Parents Can Detect, Contribute to, or be Affected by Critical Events During a Child's Hospitalization

ISMP Medication Safety Alert 

In This Article

Safe Practice Recommendations

Consider the following recommendations to strengthen the partnership between the treatment team and a hospitalized child's parents, prevent parental contribution to critical events, promote parental detection of errors, and protect the hospitalized child from harm.

Educate Parents. Teach parents about the disease/condition, medical tests, and treatment plan for their hospitalized child. Specifically tell parents about all the medications their child is receiving, the prescribed doses (including the fact that it differs from the dose taken at home, if applicable), potential side effects, and when and how they are given. Write down important information for parents to reference as needed. Parents who know what to expect can help recognize when something is not right.

Update Parents. Provide parents with timely and comprehensive updates regarding their children in language they understand. Some children's hospitals encourage parents to be part of "family-centered" rounds, allowing them to gain a better understanding of their child's total treatment plan and current status since the entire medical team is available to answer questions and address concerns.

Anticipate Involvement. Be aware of increasingly independent parental involvement in the medical care of their children. A 2001 study by Hurst showed that parents continuously analyze hospital procedures and develop an action plan to protect their babies.[2] A fundamental challenge for mothers in this study was to increase their position of authority relative to the medical team, thereby safeguarding their babies. Parents may intervene during the care of their children, which can lead to prevention and detection of a critical event, or contribution to a critical event despite good intentions. Close parental involvement in the child's treatment plan should be encouraged, supervised, and monitored.

Encourage Parents to Speak up. Encourage parents to report any concerns or worries they have regarding their child's care. Frey et al. suggests periodically asking parents these two questions: "Are there aspects of your child's care that you find concerning?" and "What do you worry about when you leave your child?" Encourage parents to keep asking questions or voicing concerns until they receive an answer with which they are comfortable and fully understand. Remind parents that they know their child better than anyone on the medical team; thus, communication of their observations is extremely important.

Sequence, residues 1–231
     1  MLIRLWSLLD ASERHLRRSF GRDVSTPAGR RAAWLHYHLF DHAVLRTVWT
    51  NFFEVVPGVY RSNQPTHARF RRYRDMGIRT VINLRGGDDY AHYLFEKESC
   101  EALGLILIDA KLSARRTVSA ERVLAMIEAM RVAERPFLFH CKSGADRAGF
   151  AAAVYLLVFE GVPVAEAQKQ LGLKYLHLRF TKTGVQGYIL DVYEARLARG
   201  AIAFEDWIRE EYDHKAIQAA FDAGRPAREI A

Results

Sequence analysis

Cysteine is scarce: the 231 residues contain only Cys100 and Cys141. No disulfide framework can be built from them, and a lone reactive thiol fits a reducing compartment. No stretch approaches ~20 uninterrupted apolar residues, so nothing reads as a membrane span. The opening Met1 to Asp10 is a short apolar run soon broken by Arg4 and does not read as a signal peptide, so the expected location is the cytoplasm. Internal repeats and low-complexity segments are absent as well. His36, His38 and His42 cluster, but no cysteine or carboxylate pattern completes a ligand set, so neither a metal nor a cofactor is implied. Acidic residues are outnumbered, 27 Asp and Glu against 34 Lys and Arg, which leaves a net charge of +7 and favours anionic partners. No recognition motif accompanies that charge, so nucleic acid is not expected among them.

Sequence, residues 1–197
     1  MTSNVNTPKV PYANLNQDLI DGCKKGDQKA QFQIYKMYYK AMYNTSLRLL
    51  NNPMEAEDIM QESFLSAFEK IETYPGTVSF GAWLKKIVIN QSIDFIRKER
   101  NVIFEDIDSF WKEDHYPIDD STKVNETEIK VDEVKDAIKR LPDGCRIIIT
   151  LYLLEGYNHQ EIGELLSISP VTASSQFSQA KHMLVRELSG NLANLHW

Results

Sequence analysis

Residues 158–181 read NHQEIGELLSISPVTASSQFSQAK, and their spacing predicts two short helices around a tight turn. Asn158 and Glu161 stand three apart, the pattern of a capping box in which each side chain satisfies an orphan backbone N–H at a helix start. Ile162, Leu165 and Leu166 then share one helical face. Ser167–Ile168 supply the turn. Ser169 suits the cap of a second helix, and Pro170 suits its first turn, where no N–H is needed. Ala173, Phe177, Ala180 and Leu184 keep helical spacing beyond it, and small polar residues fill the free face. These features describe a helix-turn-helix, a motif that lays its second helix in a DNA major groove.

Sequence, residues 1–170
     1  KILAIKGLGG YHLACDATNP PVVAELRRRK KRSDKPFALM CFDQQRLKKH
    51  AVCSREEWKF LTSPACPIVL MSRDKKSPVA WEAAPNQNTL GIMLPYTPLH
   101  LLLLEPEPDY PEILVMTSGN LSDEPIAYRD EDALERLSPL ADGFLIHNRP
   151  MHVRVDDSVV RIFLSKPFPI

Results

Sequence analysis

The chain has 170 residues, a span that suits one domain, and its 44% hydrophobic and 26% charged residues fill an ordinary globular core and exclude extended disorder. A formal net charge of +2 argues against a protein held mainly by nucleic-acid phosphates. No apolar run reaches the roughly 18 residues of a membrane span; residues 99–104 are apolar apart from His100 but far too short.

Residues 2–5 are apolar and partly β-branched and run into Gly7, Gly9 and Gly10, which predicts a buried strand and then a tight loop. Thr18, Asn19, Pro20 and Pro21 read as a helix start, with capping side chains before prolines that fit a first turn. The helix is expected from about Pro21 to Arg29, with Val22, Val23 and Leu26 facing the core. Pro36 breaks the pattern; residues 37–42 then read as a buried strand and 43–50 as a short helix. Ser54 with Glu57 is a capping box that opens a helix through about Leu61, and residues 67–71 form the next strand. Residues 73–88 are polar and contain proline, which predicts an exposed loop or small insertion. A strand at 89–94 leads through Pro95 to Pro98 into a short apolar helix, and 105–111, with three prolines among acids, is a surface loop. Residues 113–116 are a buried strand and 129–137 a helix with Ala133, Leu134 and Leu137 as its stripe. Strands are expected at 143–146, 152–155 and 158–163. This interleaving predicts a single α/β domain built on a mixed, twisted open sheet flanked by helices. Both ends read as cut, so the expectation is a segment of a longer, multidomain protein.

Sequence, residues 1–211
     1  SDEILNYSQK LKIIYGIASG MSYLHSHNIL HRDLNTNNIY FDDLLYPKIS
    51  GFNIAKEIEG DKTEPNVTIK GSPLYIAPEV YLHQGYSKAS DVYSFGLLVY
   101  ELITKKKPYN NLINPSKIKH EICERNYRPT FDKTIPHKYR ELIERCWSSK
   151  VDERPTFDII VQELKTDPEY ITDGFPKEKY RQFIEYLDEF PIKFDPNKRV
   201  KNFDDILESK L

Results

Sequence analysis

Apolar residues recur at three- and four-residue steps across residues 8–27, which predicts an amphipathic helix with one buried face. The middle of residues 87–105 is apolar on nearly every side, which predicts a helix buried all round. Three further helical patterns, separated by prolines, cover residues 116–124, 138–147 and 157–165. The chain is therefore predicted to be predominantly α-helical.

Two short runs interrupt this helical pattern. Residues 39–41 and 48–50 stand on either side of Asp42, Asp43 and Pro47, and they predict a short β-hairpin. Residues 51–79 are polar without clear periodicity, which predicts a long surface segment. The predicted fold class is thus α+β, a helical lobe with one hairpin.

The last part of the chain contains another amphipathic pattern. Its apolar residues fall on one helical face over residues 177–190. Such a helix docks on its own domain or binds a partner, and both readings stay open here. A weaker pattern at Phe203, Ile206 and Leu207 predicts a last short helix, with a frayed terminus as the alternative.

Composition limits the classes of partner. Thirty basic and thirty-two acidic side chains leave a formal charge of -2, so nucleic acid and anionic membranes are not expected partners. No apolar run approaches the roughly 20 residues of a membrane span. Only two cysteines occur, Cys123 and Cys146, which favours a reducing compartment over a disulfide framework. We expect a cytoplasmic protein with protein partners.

Respond to Parents' Queries Appropriately. Parents do not want to be labeled as being "difficult" or "demanding;" they fear no one will want to take care of their child if they are perceived this way.[2] Some may even view basic questions or requests for information about their child's condition as a slight to the medical team's competence. So, when parents do speak up, healthcare professionals should perceive and reflect their actions in a manner that fosters true collaboration and empowerment, and should encourage and reinforce the parents' role in making queries by providing thoughtful and complete answers.

Provide Access to a Rapid Response Team. Allow parents to activate a rapid response team if they feel no one is addressing their expressed concerns regarding their child's condition and/or medical treatment. Instruct parents, upon their child's admission, regarding the purpose of the rapid response team and how to activate it.

Establish Safe Handling Guidelines. To reduce the risk of tubing disconnections, establish guidelines for safe handling of infants and children with lines and drains, teach these guidelines to parents, and monitor adherence to the guidelines.

Teach Parents Not to Reconnect Tubes. Orient parents to the tubes or drains attached to their child. Teach them about the dangers of reconnecting tubes and drains themselves and how to call for immediate help from a healthcare professional if their child's tubes or drains become dislodged or disconnected.

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